Something special is happening at the intersection of retail investors and financial technology, writes Crowdcube's Luke Lang.
It became clear that fintech companies began to prize crowdfunding three years ago. Monzo crashed our servers in 2016 when it raised £1m in 96 seconds. Last December, the now-serial crowdfunding neobank raised £20m from retail investors.
The staggering thing about Monzo’s raise – and it speaks volumes about where crowdfunding and fintech have reached – is that it did not need to raise the £20m from any of us on the street. In October – i.e. just two months shy of the raise – the bank had closed an £85m round led by VC firm Accel. Raising £20m is no walk in the park. You need to build a prospectus, which is a lengthy and expensive process. Monzo’s crowdfunding raise capped all investments at £2,000, meaning the team chose to have more investors to look after.
The world’s leading fintechs are using crowdfunding to cement and enhance their relationship with their customers. The latest Unicorns report from Beauhurst, an independent analysis firm, identifies the UK’s 21 unicorn companies – those worth $1bn (around £760m) or more. Of the 21, six are fintechs, and two are digital banks: Monzo and Revolut. Both have turned to crowdfunding – at a time when they are the darlings of the tech scene and its investors – to raise capital.
To answer that, I believe we have to go back to the financial crisis. After 2008, a chasm opened up in financial markets, encouraged by a profound lack of trust. We’re well-versed with the outcomes. The banks that survived had to change their ways, and new players came onto the scene. A decade later, it is the novel relationship between these latest entrants and consumers that gives us an idea of what the future looks like: a world where any business-to-consumer company knows that sharing ownership with its customers is fundamental to long-term success. This is the cooperative movement of the twenty-first century, and it is driven by technology.
Curve, Nutmeg, Freetrade – all these leading fintech companies that want as many as possible to profit from their success. In the last 12 months, we have facilitated the raising of £67m across 21 fintechs. By giving people skin in the game, these firms are securing a base of customers, and champions. From a commercial perspective, each customer’s lifetime value is hugely enhanced. Our customers find that their shareholders are less likely to move providers, more likely to refer friends and family, and more likely to buy more products and services.
Making consumers owners and giving them a say has become integral to how these companies run. Indeed, many are now building their own platforms to manage ownership. What does this tell us about the future? Here are businesses offering equity – not for money, not because they want to list, but to build an affinity with their customers. As these relationships evolve, both sides benefit: greater engagement – better products – more customers – growth – profit – both sides capitalise. It could be called the democracy of building business.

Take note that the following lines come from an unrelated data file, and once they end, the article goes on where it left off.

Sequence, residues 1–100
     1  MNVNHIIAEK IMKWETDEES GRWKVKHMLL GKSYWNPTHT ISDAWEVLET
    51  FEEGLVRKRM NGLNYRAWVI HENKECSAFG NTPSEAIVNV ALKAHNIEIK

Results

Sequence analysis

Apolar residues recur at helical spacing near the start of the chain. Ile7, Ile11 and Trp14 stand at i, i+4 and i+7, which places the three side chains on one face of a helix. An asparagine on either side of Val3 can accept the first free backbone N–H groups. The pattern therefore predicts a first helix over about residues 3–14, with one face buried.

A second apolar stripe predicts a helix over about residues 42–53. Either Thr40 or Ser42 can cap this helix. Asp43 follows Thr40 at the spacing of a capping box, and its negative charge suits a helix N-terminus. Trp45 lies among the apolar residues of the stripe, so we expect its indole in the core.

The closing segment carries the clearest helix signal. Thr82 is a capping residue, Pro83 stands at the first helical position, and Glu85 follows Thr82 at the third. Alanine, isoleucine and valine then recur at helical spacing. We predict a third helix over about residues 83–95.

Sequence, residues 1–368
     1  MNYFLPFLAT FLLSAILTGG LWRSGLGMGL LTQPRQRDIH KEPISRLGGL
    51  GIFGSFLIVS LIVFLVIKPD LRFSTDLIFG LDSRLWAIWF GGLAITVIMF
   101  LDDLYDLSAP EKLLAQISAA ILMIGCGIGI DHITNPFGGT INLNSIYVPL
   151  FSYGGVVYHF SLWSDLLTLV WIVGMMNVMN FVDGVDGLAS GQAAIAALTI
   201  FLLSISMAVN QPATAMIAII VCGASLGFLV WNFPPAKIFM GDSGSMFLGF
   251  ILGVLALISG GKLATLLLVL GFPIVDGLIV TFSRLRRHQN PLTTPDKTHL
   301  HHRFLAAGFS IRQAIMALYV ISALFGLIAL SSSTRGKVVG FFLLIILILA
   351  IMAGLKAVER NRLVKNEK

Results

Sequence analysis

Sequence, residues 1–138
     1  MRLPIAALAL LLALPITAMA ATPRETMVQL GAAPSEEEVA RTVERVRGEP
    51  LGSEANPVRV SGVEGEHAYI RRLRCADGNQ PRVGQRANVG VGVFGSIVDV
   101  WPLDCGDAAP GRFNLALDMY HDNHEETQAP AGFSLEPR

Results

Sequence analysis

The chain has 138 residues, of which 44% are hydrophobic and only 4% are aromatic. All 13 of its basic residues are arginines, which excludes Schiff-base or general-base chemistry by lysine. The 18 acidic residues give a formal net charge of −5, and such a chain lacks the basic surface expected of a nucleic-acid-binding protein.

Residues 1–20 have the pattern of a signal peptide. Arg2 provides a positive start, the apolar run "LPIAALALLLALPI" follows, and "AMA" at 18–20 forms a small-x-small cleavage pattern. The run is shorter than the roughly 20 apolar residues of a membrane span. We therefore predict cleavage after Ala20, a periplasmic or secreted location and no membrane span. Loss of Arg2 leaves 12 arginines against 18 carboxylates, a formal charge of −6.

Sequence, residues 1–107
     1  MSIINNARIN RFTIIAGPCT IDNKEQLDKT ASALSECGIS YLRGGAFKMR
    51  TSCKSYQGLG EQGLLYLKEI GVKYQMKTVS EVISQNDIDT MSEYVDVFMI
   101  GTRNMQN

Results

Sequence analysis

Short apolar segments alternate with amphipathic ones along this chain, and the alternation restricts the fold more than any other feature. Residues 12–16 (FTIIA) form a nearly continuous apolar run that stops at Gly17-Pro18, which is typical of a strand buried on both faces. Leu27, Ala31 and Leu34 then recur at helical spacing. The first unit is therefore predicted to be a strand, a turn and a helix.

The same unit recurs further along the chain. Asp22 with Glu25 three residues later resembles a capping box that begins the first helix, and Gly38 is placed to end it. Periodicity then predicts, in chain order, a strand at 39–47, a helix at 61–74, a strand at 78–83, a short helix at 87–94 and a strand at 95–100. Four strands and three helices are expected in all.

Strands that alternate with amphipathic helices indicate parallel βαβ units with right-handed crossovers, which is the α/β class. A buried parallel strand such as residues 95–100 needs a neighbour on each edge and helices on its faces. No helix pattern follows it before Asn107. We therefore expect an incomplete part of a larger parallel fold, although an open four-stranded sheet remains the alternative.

Technology is making this shift around the consumer possible not just in finance, but across markets. While the former has emerged as the vanguard, there are other non-tech sectors that have leapfrogged traditional ownership structures and cemented their own success. Food and beverage, historically underserved by the financial world, was an early adopter of crowdfunding. BrewDog is the poster child for this – a four-time Crowdcube funded brewery. It has 120,000 investors, aka Equity Punks, who, in its words, kick-started the craft beer revolution and, presumably, enjoy its beer. The prospect gets so much more exciting when you start to think of the markets that are hardest to disrupt, build a community around, and fight injustices: insurance, mining, the coffee industry, healthcare.
We are going to see another huge change: big businesses are signalling they’re stepping up beyond paying lip-service with grandiose CSR initiatives.
This might mean that the corporates of the future are successful for different reasons. Rather than capitalising on economies of scale, stacking products high and selling them cheap, or building brands based more on myth than substance, they will be the companies that successfully harness network effects, focus on being product-first, and bake their customers into their brand. Corporatism will find it harder to survive.
Imagining a future where every high street will be populated overwhelmingly by businesses that have hundreds, or thousands, of owners, customers and advocates is not difficult. The twenty-first century will see a redefining of ownership as the customer is put at the centre of business’ strategy, products and funding. We are about to enjoy the age of the consumer.